The prints aren’t huge, likely double the size of man’s hand, but the profile is unmistakable: grizzly bear. They seem very fresh, likely minutes old, prints of a bear in flight (we surmise) having seen a strange object approach through the fog.
We stole 28kms today. The weather forecast had been for high winds and difficult travel but our morning builds to a guarded calm and we jump at it – calm water in the arctic is as rare as winter sun in Vancouver after all.
Remnants of DEW Line Site PIN-2 has been staring at us from our evening’s moorage and we elect to pop in and take a look. I find these decommissioned sites far more desolate and lonely than the surrounding landscape purely because of the echo of a past human presence. Poking around them is always fascinating.
Once on shore we make a short walk uphill and are presented with a grid of large metal shipping containers neatly placed in row and column, as cold and ordered as an accountants ledger. Adjacent is a smaller grid of large plywood boxes on palettes. A large sign boldly states: “CAUTION PCB STORAGE AREA TRESPASSING IS PROHIBITED” An unhappy legacy to time past.
A gravel runway sweeps across the site, compact and useable. A large metal clad airplane hanger lords over, its shape strangely pleasing in an architectural sense, its proportion and form reminiscent of a post-modern expression. It’s all so strange in such a landscape.
A medium Northwester builds to push us to our next point of protection. Patrick, a retired meteorologist who is kindly helping us with our forecasts, suggests the winds will intensify soon. We find protection and the winds do as he says, to near gale force. It’s nice having a guardian angel or two.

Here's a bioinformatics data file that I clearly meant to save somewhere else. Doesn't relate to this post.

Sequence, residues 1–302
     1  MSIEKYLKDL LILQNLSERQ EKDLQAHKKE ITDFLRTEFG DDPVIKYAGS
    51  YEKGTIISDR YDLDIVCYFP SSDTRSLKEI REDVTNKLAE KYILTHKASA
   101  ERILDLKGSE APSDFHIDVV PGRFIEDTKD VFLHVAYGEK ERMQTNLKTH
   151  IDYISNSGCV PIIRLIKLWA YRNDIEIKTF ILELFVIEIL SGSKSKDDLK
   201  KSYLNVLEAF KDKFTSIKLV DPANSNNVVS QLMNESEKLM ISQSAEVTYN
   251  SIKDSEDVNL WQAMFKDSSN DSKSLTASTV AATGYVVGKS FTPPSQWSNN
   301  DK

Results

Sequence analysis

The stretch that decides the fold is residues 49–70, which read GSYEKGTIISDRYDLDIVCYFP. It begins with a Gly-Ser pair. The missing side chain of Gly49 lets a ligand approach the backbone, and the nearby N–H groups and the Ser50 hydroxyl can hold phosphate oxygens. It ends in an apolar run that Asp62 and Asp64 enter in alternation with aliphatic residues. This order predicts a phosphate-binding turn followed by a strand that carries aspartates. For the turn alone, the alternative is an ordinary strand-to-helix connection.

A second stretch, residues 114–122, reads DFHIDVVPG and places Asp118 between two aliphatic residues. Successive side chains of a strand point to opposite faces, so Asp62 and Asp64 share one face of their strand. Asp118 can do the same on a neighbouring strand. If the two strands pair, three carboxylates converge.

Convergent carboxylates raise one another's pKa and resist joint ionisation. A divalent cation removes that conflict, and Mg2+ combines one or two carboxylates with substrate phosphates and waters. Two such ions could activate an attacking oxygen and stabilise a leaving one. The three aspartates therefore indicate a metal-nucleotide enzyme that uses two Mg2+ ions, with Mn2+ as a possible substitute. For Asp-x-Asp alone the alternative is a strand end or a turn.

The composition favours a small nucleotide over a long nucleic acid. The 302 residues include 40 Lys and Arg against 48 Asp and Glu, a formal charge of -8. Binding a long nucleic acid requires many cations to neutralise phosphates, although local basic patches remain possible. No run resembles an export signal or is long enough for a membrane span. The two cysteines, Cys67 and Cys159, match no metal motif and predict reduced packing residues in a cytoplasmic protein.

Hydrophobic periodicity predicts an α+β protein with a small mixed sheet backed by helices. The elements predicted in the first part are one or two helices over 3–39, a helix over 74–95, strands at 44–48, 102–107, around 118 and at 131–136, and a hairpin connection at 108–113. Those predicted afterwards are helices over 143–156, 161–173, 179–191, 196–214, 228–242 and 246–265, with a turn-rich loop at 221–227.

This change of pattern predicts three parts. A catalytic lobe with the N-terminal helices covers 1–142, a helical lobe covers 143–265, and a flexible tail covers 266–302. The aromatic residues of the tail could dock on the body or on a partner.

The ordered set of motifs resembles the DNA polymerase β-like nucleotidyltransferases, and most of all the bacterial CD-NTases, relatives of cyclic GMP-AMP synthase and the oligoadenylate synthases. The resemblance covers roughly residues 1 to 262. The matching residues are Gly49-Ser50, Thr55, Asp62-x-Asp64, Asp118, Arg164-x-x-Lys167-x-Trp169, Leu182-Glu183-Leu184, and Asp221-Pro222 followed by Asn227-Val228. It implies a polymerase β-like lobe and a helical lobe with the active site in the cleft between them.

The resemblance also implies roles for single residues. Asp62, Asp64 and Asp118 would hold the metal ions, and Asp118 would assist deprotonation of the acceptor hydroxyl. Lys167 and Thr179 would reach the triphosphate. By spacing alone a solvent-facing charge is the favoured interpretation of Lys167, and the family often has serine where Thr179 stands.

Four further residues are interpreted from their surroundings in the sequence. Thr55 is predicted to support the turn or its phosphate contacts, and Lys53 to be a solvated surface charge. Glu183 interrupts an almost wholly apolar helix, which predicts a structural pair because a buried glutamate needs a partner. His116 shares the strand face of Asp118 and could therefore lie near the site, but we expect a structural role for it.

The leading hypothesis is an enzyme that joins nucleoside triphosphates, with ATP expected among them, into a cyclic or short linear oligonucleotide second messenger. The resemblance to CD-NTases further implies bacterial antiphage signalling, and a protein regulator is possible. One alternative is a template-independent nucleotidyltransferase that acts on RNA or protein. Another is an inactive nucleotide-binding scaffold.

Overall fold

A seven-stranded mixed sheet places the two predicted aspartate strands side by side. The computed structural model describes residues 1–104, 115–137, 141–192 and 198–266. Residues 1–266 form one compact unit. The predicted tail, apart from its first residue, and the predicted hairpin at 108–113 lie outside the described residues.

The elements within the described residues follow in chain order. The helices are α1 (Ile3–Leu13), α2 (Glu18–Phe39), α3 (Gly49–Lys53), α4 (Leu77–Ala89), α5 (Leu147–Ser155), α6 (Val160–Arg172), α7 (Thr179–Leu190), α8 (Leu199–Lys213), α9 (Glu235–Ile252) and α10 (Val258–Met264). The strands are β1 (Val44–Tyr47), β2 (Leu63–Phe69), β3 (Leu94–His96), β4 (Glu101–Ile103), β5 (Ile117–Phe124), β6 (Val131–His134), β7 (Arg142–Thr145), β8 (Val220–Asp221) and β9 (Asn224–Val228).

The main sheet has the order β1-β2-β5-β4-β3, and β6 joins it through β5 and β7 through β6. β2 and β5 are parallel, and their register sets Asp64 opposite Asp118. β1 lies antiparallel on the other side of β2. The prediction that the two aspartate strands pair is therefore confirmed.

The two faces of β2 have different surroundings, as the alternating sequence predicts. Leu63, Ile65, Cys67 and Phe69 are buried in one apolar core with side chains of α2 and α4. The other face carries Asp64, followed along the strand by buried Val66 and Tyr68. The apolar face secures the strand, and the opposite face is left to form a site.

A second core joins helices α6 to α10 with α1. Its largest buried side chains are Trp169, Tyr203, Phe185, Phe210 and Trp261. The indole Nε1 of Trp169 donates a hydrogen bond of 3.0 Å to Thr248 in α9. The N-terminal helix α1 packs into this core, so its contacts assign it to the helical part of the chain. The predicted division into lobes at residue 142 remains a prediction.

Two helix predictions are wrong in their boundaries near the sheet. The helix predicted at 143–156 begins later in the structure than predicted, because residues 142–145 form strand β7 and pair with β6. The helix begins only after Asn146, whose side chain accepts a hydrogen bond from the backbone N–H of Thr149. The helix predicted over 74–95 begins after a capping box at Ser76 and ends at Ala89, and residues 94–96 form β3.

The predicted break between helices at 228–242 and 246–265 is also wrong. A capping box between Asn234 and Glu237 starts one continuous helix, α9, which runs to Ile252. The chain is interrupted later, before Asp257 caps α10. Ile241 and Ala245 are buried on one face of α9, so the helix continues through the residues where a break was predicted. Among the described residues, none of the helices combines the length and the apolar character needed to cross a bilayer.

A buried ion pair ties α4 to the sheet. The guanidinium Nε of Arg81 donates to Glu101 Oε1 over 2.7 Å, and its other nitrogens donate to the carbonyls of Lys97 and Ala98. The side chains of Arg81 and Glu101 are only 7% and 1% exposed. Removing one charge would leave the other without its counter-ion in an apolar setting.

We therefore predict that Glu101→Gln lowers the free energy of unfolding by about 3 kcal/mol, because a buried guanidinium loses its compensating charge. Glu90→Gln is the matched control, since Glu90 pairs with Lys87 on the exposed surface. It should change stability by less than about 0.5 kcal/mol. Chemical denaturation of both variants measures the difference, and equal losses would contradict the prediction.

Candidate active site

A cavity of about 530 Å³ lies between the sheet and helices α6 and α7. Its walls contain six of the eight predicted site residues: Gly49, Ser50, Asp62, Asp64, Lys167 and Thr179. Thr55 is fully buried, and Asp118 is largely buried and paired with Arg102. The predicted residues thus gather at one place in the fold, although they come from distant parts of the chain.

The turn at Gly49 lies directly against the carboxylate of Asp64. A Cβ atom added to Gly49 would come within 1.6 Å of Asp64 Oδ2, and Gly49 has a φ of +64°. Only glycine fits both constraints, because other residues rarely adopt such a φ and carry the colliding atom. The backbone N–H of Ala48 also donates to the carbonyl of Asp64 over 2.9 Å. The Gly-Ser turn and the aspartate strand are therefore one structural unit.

We’re able to get to shore in this lee and elect to sleep in the tent for the night.(tent poles are fixed from the last wind storm) The ground in the area is low-lying with grassland, tidal flats and gravel bars wrestling for dry their share of the dry ground. Looking for a good tent spot has us searching the area and this is when we see the tracks.
A grizzly bear print stands out like no other with divots from the large claws radiating out from the body of the print. When seen side by side, the front paw prints turn in towards one another indicating a slightly pigeon-toed stance.
These tracks look like they’ve dug into the mud in an explosive gallop. Did this animal scurry off in a hurry? Was it us it was running from?
We are now 6 weeks into the trip so needless to say there has been a slight emergence of some facial hair over this time. Prompted by a comment from a friend in Vancouver, we were chatting about this recently. Our beards are all quite different so here’s my take on them:
Frank’s Grizzly Beard – without a doubt top of the beard food chain, this beast takes on a life of it’s own at times. I think it actually did some rowing yesterday while Frank was resting. If you look at Frank’s face for a few minutes you can actually see it growing. An absolute monster of a beard !!
Kevin’s Polar Beard – a healthy beard no doubt but one that contains a strange mix of red and white, mostly the latter. Definitely a candidate for Santa Claus in the near future, Kevin’s beard needs very close monitoring as it is aging rapidly. There’s a chance by the time we get to Cambridge Bay, the red in the beard could be completely gone.
Denis’s foxy beard – this is definitely the one beard that provoked the most discussion amongst us. This is an out and out “ginger beard” but the tash part is a peculiar blonde colour which makes it harder to see. All of this is in striking contrast to Denis’s dark black hair on his head so there’s definitely some freakiness going on here.